I went to the Mansion House to sign Gay Byrne’s condolences book — and I’ve never been more proud to be Irish
07th Nov 2019
The death of legendary broadcaster Gay Byrne has been met with a national outpouring of grief, but in grief, the Irish come together
If there’s one universal truth about the Irish, it’s that we know how to grieve.
Death, with all its heartbreak and wretchedness, can sometimes offer the most sparkling moments of light and joy. It’s an odd juxtaposition but it’s a mix that us Irish have mastered. This has never been clearer than in the past few days. The death of legendary broadcaster Gay Byrne has brought the country to a standstill.
We aren’t quite sure what to do. But, at the same time, we do.
We know how to celebrate a life. To talk openly and lovingly and to offer a helping hand. We honour while we ache, and most importantly, respect who we have lost.
I visited the book of condolences for Gay Byrne in the Mansion House yesterday and I have never been more proud to be Irish. It was a sombre affair. A framed photograph of Gay was positioned on a table, while a candle was lit close by. I got chatting with a Mansion House employee who told me that an estimated 4,000 people had passed through the doors of the building to pay their respects. Four books were opened when I arrived, which had to be done to keep the queue of mourners moving freely.
I was told people of all ages had come from all over the country to send their message. The outpouring of grief has been astonishing, I said to the employee. “But sure, he was a great man,” he replied.
A family was leaving just as I arrived – the children born after Gay’s reign but it didn’t seem to matter. There was the older generation, who grew up with Gay and then there was my own age bracket – we were always aware of him. The man next to me wrote his message and then looked at his phone to write for others who couldn’t be there.
A message of thanks
There were thousands of messages. I read as much as I could before I began to feel like I was trespassing on another’s land. Those messages belonged to other people. They were not mine to share – each had their own stories and secrets to tell.
Looking through the books, I grasped that the prevailing message was one of thanks.
Thanks, Gay. Thanks for every weekday morning. Thanks for those Friday and Saturday nights. Thanks for making me feel at home. Thanks for opening doors. Thanks for starting conversations. Thanks for reading my letter. Thanks for giving women a voice. Thanks for the laughter. Thanks for saying hi to my granny.
Thanks for making me feel less alone.
Thanks for everything.
In a country of over 4 million people, very few would have personally known Gay, but for so many people they felt he was a friend. It’s easy to understand why. In an Ireland where the holy gospel was taken as absolute truth, Gay was a loveable maverick. Through a black box, he entered into the homes of Ireland like a welcomed visitor. He soothed the airwaves and accompanied people through the best and the bleakest days. In a world without streaming and satellite television, he was all they knew.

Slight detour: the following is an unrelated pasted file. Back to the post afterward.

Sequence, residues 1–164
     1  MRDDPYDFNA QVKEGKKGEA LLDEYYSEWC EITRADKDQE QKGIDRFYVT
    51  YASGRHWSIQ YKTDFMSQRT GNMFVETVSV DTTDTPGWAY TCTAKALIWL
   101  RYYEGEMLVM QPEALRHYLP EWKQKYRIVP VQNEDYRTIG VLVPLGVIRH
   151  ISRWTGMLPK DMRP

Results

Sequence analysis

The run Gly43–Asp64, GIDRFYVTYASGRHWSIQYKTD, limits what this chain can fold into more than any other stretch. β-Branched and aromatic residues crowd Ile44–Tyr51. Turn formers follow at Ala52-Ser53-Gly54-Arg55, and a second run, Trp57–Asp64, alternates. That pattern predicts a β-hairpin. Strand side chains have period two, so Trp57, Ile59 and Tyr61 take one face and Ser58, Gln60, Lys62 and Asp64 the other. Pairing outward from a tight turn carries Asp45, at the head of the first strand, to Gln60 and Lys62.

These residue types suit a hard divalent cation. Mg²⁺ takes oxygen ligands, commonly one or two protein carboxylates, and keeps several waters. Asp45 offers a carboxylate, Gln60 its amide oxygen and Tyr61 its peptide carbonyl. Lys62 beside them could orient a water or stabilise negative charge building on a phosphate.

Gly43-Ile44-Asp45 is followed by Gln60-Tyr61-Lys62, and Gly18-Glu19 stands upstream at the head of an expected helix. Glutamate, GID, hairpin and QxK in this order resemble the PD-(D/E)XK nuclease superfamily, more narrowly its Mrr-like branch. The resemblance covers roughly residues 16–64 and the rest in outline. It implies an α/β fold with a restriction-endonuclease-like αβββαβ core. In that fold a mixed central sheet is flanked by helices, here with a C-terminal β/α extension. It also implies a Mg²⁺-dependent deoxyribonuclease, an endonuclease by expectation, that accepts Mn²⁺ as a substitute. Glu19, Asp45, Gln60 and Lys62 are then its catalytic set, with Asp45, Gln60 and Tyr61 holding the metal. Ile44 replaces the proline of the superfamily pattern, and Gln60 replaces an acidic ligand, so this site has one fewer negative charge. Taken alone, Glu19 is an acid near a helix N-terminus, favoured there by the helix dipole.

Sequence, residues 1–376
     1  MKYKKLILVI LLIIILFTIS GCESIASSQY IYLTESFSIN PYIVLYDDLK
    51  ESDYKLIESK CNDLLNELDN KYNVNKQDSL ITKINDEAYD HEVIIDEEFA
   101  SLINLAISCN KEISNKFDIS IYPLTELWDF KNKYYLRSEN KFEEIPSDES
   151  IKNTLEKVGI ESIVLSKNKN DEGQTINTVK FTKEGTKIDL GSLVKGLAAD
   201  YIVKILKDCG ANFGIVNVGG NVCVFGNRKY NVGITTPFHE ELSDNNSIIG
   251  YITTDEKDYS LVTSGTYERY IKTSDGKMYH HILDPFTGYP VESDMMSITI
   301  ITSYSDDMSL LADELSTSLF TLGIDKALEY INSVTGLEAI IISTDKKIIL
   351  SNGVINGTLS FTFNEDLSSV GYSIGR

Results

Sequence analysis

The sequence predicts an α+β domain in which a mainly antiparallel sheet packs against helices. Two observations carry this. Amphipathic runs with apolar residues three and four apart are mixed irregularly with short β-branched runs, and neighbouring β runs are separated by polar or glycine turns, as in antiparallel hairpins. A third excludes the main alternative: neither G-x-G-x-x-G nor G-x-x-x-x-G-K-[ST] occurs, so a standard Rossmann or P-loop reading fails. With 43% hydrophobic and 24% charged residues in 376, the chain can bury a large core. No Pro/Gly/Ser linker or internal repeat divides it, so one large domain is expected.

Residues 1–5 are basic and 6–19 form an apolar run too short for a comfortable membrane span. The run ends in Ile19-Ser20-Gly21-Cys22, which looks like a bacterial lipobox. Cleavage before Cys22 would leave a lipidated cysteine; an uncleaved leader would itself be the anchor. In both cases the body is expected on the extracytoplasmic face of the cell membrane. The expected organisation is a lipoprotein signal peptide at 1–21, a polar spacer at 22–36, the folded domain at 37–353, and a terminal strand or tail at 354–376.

On RTÉ’s Late Late Show special which celebrated Gay, Tommy Tiernan spoke of the tribe mentality which accompanied the show, saying, “I think we really enjoy times where we come together as a tribe. The Late Late Show and his radio show were daily and weekly moments where Ireland as a country… it was like an international rugby match every weekend. We focused on this thing. We miss that.”
The TV special felt like the ultimate Irish wake. We gathered together like a clan. We sat around a television, enjoyed the stories and music, and reminisced. In grief, we come together for support. When death comes knocking, neighbours and strangers do their upmost to lessen the load. For families, this is a gift. For Gay’s wife and daughters, the support and outpouring of affection must be overwhelming.
I just missed Gay’s daughter Crona, who had left as I arrived at the Mansion House. She had called to say thanks and to read the messages left for her beloved Dad. The employees spoke of the kindness behind the gesture, and it was clear to see how much it meant to them too. This was a testament to the man. His kindness, which is spoken of in high regard, has passed to the generation below him.
A better Ireland
I was 4 years old when Gay presented his last Late Late Show, but I knew even as a child that this man was important and most of all, brilliant. In the past few days, this has only become more evident to me. Without Gay and his radical broadcasting, the Ireland I grew up in might be a lot different. As a woman, my rights were so often hindered by oppression. Contraception, my bodily rights, my sexuality and my choices were frowned upon and discarded.
Gay gave a voice to women who made a difference. The country I live in now is more liberal and safe than many others in an increasingly troubled world. The cornerstones of the society which we now have were pushed through by Gay and his contribution to public service broadcasting. He gave the people what they wanted – a safe place for those who were marginalised. We are a better Ireland because of him.
So, I decided to say thanks too.
I wrote: Thanks, Gay.
Thanks for helping a nation to come alive.
Thanks, for everything.
Read more: Gay Byrne has passed away, aged 85, RTÉ has confirmed
Read more: Gay Byrne: 6 of our favourite Gaybo moments from years gone by
Read more: ‘Meeting Brendan Grace was like meeting Harry Styles’
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